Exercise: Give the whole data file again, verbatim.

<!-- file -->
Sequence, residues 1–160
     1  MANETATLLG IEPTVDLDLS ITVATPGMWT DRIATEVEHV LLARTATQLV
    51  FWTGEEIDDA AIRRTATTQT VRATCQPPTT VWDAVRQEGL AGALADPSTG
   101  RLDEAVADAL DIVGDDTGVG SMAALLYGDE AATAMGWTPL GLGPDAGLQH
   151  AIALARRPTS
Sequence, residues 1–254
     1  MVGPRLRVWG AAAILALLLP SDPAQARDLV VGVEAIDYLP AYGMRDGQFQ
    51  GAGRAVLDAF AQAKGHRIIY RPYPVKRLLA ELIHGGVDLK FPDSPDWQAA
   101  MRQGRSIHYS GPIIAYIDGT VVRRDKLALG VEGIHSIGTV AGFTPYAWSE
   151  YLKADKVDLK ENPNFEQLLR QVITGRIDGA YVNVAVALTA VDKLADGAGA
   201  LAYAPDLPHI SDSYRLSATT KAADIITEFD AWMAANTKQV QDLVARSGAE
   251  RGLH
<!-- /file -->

Sequence, residues 1–160
     1  MANETATLLG IEPTVDLDLS ITVATPGMWT DRIATEVEHV LLARTATQLV
    51  FWTGEEIDDA AIRRTATTQT VRATCQPPTT VWDAVRQEGL AGALADPSTG
   101  RLDEAVADAL DIVGDDTGVG SMAALLYGDE AATAMGWTPL GLGPDAGLQH
   151  AIALARRPTS
Sequence, residues 1–254
     1  MVGPRLRVWG AAAILALLLP SDPAQARDLV VGVEAIDYLP AYGMRDGQFQ
    51  GAGRAVLDAF AQAKGHRIIY RPYPVKRLLA ELIHGGVDLK FPDSPDWQAA
   101  MRQGRSIHYS GPIIAYIDGT VVRRDKLALG VEGIHSIGTV AGFTPYAWSE
   151  YLKADKVDLK ENPNFEQLLR QVITGRIDGA YVNVAVALTA VDKLADGAGA
   201  LAYAPDLPHI SDSYRLSATT KAADIITEFD AWMAANTKQV QDLVARSGAE
   251  RGLH